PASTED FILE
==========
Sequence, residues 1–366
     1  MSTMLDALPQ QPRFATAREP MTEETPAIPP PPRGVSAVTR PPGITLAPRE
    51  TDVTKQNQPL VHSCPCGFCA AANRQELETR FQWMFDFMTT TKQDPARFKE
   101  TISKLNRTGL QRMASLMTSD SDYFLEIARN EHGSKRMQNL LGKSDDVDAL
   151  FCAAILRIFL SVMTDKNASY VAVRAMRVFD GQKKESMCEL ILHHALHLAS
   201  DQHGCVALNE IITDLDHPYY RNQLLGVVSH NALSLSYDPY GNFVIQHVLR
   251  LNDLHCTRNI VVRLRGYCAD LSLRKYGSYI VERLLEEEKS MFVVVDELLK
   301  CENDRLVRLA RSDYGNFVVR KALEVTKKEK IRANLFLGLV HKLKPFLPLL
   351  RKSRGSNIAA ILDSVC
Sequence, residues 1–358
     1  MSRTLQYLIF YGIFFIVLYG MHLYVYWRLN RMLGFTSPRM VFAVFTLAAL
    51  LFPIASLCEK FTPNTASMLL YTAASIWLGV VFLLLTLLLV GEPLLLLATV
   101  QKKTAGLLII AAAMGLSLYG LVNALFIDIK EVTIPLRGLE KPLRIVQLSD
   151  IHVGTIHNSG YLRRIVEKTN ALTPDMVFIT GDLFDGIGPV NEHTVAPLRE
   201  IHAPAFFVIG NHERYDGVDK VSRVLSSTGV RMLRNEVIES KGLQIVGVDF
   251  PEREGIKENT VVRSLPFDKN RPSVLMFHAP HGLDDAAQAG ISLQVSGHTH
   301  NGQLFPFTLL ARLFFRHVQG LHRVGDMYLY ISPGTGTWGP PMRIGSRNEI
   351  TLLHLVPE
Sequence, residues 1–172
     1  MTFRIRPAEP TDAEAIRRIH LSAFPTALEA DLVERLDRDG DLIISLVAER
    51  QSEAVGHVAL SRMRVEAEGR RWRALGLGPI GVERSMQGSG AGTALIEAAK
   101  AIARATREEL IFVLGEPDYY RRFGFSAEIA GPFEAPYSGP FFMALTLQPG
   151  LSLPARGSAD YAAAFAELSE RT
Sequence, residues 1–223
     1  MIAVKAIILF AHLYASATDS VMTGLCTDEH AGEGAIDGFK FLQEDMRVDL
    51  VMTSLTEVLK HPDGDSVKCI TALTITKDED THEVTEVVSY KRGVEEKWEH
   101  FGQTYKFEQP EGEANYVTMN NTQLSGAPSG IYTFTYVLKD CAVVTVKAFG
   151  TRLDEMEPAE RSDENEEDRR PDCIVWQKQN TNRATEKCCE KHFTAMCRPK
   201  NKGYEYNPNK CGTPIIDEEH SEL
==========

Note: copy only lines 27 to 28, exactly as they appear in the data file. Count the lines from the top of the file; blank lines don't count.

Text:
   101  FGQTYKFEQP EGEANYVTMN NTQLSGAPSG IYTFTYVLKD CAVVTVKAFG
   151  TRLDEMEPAE RSDENEEDRR PDCIVWQKQN TNRATEKCCE KHFTAMCRPK